A military confrontation that started 10 months ago in Ethiopia’s northern Tigray region is spreading, with serious political, economic and humanitarian implications for the country and the broader region, the Secretary-General warned the Security Council on Thursday.
“A humanitarian catastrophe is unfolding before our eyes”, António Guterres warned. “The unity of Ethiopia and the stability of the region are at stake”, he added calling for an immediate ceasefire and the launch of national political dialogue.
Outlining the severity of the situation, the UN chief said the military front lines in Tigray have reached the regions of neighbouring Amhara and Afar.
The Government’s 28 June declaration of a unilateral ceasefire, and withdrawal of the National Defence Forces from Mekelle have not led to a comprehensive ceasefire.
Tigray remains under a de-facto humanitarian blockade and cut off from electricity and communications, the UN chief informed the Ambassadors.
Mr. Guterres said that actors in Ethiopia have entered the fight through mass mobilization and the activation of regional and armed groups.
“Inflammatory rhetoric and ethnic profiling are tearing apart the social fabric of the country”, he emphasized.
Moreover, the human price of the war is “mounting by the day”, as more than two million people have been displaced and millions more are in immediate need of food, water, shelter and health care, said the Secretary-General.
At least 400,000 people are living in famine-like conditions, with the UN Children’s Fund (UNICEF) warning that 100,000 face severe acute malnutrition within the year.
Amid reports of sexual and gender-based violence, refugee camps have been destroyed and hospitals looted.
“I condemn these atrocious acts in the strongest possible terms”, underscored the Secretary-General. “There must be accountability”.
Tigray access limited, empty warehouses
While the Organization and its partners have mobilized to reach five million people with food, Mr. Guterres said that the response is “severely” constrained by insecurity, delays and a host of arbitrary restrictions on the work of humanitarian agencies.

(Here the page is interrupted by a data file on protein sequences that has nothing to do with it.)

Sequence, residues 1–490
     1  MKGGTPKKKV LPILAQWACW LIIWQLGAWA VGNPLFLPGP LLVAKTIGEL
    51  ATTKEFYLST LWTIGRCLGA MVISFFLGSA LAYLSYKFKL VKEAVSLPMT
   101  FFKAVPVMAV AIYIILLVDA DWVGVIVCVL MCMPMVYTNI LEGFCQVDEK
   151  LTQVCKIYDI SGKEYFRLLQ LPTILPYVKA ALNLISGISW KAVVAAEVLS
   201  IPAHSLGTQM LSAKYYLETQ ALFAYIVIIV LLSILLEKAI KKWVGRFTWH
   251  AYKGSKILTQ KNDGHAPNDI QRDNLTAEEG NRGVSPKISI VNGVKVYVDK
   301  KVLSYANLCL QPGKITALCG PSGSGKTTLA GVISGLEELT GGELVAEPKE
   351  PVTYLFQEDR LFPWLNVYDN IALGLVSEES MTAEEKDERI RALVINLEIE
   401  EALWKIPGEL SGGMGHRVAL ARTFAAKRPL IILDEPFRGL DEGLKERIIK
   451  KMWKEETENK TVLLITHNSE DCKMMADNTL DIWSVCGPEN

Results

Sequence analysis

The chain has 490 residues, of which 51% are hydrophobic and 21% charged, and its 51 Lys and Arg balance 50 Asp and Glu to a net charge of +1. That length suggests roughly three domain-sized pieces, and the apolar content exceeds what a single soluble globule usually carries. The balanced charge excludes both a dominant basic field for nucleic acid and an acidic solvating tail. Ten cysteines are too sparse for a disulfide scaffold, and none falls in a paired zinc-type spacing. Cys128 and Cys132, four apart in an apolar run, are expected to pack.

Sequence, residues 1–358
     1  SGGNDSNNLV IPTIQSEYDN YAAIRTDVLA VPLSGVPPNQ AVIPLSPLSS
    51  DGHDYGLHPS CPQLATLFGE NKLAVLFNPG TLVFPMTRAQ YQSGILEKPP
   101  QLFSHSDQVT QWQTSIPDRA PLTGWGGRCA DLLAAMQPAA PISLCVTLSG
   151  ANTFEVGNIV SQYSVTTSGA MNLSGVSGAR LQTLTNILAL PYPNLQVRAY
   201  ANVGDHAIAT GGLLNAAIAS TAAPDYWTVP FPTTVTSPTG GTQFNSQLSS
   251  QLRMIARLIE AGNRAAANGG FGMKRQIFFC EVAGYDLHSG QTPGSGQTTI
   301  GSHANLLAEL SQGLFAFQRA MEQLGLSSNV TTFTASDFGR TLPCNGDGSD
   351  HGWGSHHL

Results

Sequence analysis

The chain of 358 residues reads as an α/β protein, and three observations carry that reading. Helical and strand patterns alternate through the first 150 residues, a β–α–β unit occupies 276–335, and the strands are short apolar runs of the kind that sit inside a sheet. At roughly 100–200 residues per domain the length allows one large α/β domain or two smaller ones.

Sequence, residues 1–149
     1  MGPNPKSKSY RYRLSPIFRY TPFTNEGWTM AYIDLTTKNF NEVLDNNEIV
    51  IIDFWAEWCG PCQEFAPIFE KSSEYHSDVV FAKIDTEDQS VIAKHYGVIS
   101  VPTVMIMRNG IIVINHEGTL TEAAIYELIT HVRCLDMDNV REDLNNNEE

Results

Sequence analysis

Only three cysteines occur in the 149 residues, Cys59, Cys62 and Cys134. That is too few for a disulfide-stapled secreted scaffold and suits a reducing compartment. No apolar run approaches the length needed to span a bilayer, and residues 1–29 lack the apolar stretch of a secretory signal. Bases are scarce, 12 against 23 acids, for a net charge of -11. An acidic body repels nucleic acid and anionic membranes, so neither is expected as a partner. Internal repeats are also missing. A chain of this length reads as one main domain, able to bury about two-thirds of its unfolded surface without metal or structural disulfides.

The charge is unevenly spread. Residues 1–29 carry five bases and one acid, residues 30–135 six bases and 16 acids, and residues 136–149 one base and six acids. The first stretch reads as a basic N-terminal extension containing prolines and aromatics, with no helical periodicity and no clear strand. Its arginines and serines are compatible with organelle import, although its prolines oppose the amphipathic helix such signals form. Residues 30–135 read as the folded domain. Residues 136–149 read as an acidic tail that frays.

Overland access into Tigray now depends on a single route, through Afar, which involves passing through numerous checkpoints.
At the same time, although agencies require roughly 100 trucks worth of assistance to reach Mekelle every day, no trucks have arrived for over a week.
“Warehouses are now empty”, the UN chief lamented.
Beyond Tigray, the conflict in Afar and Amhara has displaced reportedly 300,000 more people, he said, events that have unfolded alongside efforts to maintain broader support across Ethiopia in response to intercommunal violence, flooding and locust infestation.
Mr. Guterres said the fighting has drained one billion dollars from Ethiopia’s coffers, while noting that debt is mounting.
Credit access is drying up, inflation is on the rise and the country is suffering from the fifth-highest incidence of COVID-19 cases on the continent.
End hostilities, launch national dialogue
Against that backdrop, the Secretary-General repeated his call on parties to immediately end hostilities, without preconditions, and to negotiate a lasting ceasefire.
He underscored that foreign forces should leave the country, full humanitarian access be guaranteed for all areas in need, public services restored and conditions created for an inclusive national political dialogue to address the causes of the conflict and ensure Ethiopian voices direct the pathway to peace.
Noting that he has been in close contact with Prime Minister Abiy Ahmed and similarly received a letter from the President of the Tigray region, Mr. Guterres said the UN is ready to work with the African Union and other partners to support dialogue.
“In the period ahead, the attention and unity of the Security Council will be critical”, he attested.
Young Ethiopians casualties of ‘needless conflict’
The UN Chief expressed profound regret over the tragic events unfolding.
“It is heart-breaking to see many young Ethiopians being instrumentalized and mobilized in the war effort” with their energies channelled into a path of division and destruction, rather than one of building a better future for all Ethiopians, he said, calling them “the ultimate casualties in this needless conflict”.
“In every sense, the future of Ethiopia is at stake”, said the Secretary-General. “Let us pledge to do all we can to advance the path of national cohesion and peace